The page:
The court, which listed the matter for December 1, was hearing the pleas of two city-based transgenders seeking to change their names and gender from male to female in the government records.
It disposed of one of the two petitions in which the grievance of changing the name and gender in the records was addressed and the changes published in the official gazette.
In the pending petition filed through advocates Karan Sharma and Rohit Kaliyar, the petitioner has alleged discrimination by the authorities and sought “disciplinary enquiry” against them.
The court had earlier asked the Ministry of Social Justice and Empowerment and the Controller of Publications, which publishes the Gazette, to explain what problem it had in changing the names of the two transgenders from male to female in the official records.
In support of their claims, the petitioners had referred to a Supreme Court order holding that a person’s self-defined sexual orientation and gender identity was integral to their personality and a person cannot be forced to undergo medical procedures, including Sexual Reassignment Surgery (SRS) or hormonal therapy, as a requirement for legal recognition of their gender identity.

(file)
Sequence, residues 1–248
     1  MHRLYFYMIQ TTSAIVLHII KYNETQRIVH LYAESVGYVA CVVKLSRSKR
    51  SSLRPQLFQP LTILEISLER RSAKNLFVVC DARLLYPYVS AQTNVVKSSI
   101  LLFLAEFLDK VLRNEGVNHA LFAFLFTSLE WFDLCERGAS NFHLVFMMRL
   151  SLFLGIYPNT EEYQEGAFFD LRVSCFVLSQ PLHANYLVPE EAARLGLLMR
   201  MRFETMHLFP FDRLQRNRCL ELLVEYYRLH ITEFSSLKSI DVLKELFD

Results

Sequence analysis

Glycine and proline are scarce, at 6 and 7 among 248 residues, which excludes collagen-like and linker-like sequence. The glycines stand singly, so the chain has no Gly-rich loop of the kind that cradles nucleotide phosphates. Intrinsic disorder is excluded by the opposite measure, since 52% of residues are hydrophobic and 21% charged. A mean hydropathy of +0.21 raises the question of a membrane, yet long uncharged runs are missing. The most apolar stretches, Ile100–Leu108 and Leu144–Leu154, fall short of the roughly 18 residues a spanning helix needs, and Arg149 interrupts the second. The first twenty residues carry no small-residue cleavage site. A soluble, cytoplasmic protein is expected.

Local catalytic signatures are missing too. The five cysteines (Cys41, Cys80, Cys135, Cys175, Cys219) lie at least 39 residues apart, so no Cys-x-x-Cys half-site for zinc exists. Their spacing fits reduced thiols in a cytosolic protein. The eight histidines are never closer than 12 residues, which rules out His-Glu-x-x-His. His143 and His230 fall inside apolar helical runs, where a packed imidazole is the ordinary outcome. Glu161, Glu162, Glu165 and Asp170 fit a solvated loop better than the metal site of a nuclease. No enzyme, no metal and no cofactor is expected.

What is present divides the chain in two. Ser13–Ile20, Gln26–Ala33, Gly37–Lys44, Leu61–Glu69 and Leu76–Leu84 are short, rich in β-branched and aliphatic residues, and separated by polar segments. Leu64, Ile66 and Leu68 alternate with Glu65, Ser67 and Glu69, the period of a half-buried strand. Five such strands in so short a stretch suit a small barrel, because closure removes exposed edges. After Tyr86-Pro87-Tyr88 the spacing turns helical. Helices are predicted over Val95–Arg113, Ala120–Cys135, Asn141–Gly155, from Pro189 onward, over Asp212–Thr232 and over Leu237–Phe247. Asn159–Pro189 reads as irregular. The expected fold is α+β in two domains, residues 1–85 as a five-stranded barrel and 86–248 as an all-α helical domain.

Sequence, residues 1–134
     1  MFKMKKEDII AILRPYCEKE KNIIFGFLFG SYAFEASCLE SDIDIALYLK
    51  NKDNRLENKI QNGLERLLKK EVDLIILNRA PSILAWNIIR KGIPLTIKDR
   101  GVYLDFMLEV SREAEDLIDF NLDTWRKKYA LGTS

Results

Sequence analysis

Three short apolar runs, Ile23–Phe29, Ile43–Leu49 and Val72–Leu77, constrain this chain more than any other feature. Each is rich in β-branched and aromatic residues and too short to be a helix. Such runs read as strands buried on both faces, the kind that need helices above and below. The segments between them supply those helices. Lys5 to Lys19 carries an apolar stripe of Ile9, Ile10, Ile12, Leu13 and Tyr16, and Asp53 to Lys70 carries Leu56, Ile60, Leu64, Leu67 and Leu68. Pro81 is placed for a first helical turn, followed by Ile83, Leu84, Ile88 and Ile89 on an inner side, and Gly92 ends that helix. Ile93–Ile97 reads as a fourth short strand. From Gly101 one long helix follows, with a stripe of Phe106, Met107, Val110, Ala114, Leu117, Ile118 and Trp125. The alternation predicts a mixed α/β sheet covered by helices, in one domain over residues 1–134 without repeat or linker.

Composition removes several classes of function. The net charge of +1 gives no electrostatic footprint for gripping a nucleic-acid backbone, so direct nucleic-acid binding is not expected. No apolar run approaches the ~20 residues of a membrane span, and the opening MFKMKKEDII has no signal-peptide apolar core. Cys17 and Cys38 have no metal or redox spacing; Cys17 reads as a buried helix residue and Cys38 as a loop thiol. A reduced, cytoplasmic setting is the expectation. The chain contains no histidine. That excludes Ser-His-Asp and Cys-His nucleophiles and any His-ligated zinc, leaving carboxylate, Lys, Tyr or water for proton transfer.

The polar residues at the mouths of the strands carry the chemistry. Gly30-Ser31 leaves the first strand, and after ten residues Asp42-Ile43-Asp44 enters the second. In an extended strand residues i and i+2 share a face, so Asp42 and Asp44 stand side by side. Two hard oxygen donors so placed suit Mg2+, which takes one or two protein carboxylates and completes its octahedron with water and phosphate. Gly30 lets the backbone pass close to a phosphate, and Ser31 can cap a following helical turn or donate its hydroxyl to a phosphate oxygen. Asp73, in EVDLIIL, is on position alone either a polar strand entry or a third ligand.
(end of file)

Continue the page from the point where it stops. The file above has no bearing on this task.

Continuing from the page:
The two have claimed that they were MtF (male to female) trans-sexuals who, due to duality between their appearance, voice, mannerism, dressing style and their male IDs, faced discrimination in the society.
They have contended that the department officials had refused to consider their applications for change of name without a certificate stating that they had undergone SRS.
They have sought quashing of any guideline which mandates an SRS before changing the gender, as well as directions to the Centre “to constitute a board or committee for certifying the petitioner as a MtF transgender”.
They have also said that “the action of respondents in refusing to allow the name change infringes the petitioner’s fundamental right to live with dignity under Article 21 of the Constitution”.